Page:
In accordance with the Childrens’ Act 38 of 2005 both parents share equal rights and responsibilities in respect of their child. Thus, both parents must support their child, according to their means. One parent does not escape his/her obligation to support his/her child in the event that the other parent has adequate means to solely support the child.
Maintenance in respect of children includes education. Whether or not this extends to tertiary eduction will depend on the parents’ financial circumstances, and social status as well as the child’s academic aptitude and achievements.
If a parent has to pay maintenance for a child, the fact that the child is visiting him/her temporarily does not entitle him/her to suspend or reduce the payment during that period, unless the Court order contains a specific provision to that effect. It is against public policy to agree in a divorce settlement agreement one of the parents is not liable to maintain the child. If the custodian parent removes the child from the Court’s jurisdiction or refuses to allow the other parent access to the child, this does not mean that the other parent is absolved from the liability of maintenance.
A parent cannot evade the duty to support by giving up work by, for example, starting full time studies. It could however be argued that by taking on part-time studies, that this would increase the parent’s future potential earning capacity. Further, a parent who was previously employed, cannot fail to recognise the full potential of their earning capacity to the detriment of their children who require support. In respect of someone who has previously been employed, a parent’s duty to support his/her child can be made through his/her pension fund.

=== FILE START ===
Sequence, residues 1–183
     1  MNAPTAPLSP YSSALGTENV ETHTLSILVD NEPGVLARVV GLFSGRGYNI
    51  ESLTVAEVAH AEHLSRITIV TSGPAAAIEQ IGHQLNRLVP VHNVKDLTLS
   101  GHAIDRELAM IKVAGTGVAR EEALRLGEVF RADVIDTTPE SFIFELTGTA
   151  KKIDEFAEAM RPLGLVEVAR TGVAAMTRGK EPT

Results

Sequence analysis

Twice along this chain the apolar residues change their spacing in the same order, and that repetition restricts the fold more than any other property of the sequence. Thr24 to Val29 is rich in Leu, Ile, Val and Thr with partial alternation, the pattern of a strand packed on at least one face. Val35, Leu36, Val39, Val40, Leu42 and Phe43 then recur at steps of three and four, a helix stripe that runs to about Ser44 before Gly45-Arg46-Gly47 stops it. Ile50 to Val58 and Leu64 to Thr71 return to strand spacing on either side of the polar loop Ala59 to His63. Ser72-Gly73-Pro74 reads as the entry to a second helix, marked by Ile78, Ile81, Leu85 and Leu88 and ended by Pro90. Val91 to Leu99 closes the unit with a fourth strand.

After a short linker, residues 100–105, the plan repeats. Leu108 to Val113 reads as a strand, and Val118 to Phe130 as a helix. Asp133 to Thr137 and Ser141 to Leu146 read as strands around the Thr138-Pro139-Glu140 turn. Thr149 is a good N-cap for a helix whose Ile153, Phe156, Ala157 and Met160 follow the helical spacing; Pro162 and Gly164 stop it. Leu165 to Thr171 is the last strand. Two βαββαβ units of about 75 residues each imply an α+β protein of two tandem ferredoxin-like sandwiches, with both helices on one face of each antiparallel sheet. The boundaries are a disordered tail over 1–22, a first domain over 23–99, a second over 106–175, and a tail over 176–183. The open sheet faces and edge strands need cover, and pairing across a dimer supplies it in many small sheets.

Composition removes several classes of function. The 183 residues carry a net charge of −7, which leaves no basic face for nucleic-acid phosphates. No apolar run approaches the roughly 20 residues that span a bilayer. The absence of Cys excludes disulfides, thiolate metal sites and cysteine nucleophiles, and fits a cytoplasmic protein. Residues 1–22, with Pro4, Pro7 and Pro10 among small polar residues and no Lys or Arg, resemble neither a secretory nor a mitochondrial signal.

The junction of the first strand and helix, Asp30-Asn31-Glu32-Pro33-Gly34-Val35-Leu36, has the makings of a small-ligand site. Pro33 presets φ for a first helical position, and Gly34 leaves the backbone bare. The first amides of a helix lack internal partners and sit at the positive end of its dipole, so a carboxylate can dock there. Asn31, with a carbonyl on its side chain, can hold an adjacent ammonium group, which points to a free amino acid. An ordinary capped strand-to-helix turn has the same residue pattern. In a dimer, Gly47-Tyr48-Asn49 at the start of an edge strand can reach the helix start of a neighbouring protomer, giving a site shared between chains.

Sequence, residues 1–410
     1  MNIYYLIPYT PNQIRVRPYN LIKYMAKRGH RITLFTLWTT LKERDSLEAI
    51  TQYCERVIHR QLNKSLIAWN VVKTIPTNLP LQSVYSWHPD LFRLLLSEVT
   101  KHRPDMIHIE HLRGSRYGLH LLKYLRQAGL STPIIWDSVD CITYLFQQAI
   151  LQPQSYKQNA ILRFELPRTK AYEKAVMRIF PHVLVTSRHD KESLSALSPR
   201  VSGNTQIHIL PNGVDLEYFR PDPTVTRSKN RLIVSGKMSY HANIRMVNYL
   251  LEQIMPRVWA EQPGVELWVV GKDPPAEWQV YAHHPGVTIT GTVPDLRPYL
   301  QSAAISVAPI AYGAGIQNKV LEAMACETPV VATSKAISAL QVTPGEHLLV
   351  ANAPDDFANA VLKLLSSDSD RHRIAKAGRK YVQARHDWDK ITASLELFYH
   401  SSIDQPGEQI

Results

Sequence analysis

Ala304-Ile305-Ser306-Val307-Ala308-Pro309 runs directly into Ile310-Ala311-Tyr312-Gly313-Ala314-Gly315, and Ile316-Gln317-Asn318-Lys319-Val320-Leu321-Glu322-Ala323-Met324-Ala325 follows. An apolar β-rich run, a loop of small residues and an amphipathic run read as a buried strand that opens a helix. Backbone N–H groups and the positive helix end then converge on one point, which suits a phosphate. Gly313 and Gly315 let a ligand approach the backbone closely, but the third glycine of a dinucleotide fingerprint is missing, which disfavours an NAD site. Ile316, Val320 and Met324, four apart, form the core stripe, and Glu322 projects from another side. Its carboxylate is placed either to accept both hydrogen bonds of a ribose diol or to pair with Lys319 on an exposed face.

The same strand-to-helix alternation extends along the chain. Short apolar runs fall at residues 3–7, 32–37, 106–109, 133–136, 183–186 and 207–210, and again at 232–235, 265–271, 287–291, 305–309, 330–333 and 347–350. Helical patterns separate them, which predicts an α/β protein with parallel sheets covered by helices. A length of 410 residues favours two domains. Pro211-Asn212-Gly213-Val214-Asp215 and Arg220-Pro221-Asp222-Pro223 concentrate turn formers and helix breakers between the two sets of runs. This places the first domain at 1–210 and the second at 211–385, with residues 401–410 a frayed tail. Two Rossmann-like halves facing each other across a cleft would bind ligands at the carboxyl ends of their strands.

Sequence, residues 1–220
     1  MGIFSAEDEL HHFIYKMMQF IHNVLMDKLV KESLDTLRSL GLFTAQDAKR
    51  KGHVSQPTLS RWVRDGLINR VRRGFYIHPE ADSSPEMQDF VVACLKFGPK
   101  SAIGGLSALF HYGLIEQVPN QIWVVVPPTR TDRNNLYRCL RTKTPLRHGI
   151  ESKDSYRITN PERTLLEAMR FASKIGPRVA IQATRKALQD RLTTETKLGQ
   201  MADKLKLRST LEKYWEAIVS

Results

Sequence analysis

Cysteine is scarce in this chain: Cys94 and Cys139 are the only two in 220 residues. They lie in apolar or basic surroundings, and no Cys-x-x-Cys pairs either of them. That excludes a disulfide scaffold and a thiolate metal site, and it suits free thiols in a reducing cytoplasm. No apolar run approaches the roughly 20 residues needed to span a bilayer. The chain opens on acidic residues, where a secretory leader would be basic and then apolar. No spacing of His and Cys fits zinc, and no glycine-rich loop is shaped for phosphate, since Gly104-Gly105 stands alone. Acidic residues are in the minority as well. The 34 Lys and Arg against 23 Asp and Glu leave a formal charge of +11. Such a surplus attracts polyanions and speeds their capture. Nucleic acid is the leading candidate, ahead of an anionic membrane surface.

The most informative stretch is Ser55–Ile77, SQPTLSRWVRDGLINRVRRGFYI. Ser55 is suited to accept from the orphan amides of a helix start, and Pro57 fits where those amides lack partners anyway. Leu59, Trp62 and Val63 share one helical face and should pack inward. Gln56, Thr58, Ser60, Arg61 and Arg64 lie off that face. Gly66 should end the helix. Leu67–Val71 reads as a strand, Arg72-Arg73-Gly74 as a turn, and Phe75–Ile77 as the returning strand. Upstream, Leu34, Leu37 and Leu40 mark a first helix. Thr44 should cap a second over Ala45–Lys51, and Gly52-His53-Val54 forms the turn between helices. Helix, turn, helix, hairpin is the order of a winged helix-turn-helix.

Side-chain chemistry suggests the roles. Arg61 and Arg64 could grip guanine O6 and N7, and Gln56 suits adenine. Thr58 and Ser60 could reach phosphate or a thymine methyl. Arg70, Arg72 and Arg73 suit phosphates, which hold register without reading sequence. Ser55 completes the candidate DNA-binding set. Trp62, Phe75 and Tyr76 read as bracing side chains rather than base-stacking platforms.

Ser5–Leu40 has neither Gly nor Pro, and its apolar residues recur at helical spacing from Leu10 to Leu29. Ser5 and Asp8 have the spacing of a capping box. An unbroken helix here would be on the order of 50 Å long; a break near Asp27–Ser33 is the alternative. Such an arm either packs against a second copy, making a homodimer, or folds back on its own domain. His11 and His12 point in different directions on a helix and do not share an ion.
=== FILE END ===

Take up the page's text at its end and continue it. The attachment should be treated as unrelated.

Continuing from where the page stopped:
The parental duty of support only comes to an end when the child becomes self-supporting, which is not necessarily the age of majority, since most 18 year olds are either finishing high school or starting tertiary education. The mere fact that a child is working does not mean that he/she is necessarily self-supporting.
The duty to support a child will also cease when the child is guilty of ingratitude to a degree that would justify disinheritance.
Step- Children and Adopted Children
A parent’s duty is in no way affected by his/her re-marriage. A step-parent is under no obligation to support a step -child. However, any children born of the subsequent marriage will be taken into consideration when calculating maintenance. If a parent re-marries in community of property, his/her proportionate contribution to the child’s maintenance will come out of the joint estate.
An adopted child is deemed to be the legitimate child of the adoptive parent. The reciprocal duty of support between the adopted child and his/her natural parents thus ceases to exist upon finalisation of the adoption.
Children’s Duty to Support their Parents
Children have a duty to support their parents, but subject to the rule that support must be claimed from nearer relatives first. There is a stricter criterion where parents want to claim from their children. The parent must be able to prove that he/she is indigent.
Indigence is defined as extreme need or lack of the basic necessities of life, such as housing or food. To prove indigence, the parent must prove that he/she had previously been maintained/ supported by another person who is now deceased or for some other reason no longer able to support him/her. Secondly the parent must prove that he/she is unable to support themselves. Further where the parent seeking maintenance has other dependants, then their needs must also be taken in to consideration.
In terms of the common law an extra-marital child has a duty to support his/her mother, but whether or not he/she must support his/her father has yet to be decided. It can however be argued that an extra-marital child would be liable to maintain his/her father in terms of section 16 of the Children’s Act.
Ian Mc Laren